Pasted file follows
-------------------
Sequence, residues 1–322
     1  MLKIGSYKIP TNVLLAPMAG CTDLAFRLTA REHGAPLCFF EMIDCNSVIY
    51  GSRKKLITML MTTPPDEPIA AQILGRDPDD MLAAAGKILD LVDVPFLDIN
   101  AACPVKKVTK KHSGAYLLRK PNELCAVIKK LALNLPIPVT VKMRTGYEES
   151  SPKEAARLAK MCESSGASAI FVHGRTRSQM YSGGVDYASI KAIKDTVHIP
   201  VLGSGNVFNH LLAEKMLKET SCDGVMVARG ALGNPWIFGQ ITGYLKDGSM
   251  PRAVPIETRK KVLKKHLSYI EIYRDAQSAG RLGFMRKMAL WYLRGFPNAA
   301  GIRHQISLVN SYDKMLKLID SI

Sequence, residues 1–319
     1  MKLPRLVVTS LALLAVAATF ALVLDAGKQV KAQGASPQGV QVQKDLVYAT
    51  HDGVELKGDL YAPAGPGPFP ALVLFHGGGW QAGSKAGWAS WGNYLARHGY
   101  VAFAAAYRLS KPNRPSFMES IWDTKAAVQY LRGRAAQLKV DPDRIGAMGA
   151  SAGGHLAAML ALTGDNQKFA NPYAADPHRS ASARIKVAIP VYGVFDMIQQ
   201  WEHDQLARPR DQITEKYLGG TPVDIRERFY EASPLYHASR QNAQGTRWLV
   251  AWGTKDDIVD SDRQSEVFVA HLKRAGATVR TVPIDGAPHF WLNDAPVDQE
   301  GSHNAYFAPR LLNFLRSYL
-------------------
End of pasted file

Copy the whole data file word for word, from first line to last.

Sequence, residues 1–322
     1  MLKIGSYKIP TNVLLAPMAG CTDLAFRLTA REHGAPLCFF EMIDCNSVIY
    51  GSRKKLITML MTTPPDEPIA AQILGRDPDD MLAAAGKILD LVDVPFLDIN
   101  AACPVKKVTK KHSGAYLLRK PNELCAVIKK LALNLPIPVT VKMRTGYEES
   151  SPKEAARLAK MCESSGASAI FVHGRTRSQM YSGGVDYASI KAIKDTVHIP
   201  VLGSGNVFNH LLAEKMLKET SCDGVMVARG ALGNPWIFGQ ITGYLKDGSM
   251  PRAVPIETRK KVLKKHLSYI EIYRDAQSAG RLGFMRKMAL WYLRGFPNAA
   301  GIRHQISLVN SYDKMLKLID SI

Sequence, residues 1–319
     1  MKLPRLVVTS LALLAVAATF ALVLDAGKQV KAQGASPQGV QVQKDLVYAT
    51  HDGVELKGDL YAPAGPGPFP ALVLFHGGGW QAGSKAGWAS WGNYLARHGY
   101  VAFAAAYRLS KPNRPSFMES IWDTKAAVQY LRGRAAQLKV DPDRIGAMGA
   151  SAGGHLAAML ALTGDNQKFA NPYAADPHRS ASARIKVAIP VYGVFDMIQQ
   201  WEHDQLARPR DQITEKYLGG TPVDIRERFY EASPLYHASR QNAQGTRWLV
   251  AWGTKDDIVD SDRQSEVFVA HLKRAGATVR TVPIDGAPHF WLNDAPVDQE
   301  GSHNAYFAPR LLNFLRSYL